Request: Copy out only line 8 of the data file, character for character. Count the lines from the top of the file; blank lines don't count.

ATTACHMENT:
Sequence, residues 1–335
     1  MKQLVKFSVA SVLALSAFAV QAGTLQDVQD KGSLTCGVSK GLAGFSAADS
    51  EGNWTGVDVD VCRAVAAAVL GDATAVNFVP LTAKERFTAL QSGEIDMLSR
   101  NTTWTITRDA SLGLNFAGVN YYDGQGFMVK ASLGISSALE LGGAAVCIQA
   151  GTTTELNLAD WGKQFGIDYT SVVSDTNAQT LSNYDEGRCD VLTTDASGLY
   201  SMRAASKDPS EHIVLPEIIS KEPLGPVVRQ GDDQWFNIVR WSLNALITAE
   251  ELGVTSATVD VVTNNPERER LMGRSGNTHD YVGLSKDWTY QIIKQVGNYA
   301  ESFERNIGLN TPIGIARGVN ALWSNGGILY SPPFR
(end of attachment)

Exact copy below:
   301  ESFERNIGLN TPIGIARGVN ALWSNGGILY SPPFR